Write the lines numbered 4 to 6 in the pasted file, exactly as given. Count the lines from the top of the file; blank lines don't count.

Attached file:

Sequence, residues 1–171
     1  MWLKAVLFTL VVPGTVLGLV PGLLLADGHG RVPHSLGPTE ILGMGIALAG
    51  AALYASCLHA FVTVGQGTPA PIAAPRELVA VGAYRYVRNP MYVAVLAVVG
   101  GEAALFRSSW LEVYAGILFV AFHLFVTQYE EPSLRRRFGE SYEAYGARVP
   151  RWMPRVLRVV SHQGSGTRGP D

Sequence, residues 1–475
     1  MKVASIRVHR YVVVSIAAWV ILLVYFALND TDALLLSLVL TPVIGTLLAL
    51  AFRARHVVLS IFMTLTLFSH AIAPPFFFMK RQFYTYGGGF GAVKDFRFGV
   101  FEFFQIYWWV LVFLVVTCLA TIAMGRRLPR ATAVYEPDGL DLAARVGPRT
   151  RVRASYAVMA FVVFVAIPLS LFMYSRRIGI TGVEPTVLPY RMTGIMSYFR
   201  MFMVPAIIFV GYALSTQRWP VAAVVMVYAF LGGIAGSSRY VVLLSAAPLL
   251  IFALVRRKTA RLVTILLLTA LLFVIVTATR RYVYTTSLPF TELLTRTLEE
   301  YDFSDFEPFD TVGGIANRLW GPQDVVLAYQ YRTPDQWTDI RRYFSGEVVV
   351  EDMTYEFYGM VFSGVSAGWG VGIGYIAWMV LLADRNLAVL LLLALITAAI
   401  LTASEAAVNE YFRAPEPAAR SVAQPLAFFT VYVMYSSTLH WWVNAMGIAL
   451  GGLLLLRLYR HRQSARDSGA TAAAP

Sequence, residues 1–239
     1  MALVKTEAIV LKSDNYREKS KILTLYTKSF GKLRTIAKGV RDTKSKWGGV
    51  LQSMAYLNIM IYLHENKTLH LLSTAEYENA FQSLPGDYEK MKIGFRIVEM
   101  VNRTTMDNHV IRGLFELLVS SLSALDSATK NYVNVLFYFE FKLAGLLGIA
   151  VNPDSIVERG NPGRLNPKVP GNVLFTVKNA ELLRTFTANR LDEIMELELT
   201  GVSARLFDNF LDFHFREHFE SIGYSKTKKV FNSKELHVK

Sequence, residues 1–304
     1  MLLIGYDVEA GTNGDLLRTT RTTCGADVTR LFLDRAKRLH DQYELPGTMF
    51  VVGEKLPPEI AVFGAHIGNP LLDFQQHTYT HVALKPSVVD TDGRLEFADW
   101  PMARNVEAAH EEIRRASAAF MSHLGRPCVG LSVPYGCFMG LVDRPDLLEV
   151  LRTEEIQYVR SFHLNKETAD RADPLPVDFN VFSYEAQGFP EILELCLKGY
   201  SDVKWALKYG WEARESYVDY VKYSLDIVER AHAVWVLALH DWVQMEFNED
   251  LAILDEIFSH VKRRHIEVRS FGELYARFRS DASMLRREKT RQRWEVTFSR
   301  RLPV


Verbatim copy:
   101  GEAALFRSSW LEVYAGILFV AFHLFVTQYE EPSLRRRFGE SYEAYGARVP
   151  RWMPRVLRVV SHQGSGTRGP D

Sequence, residues 1–475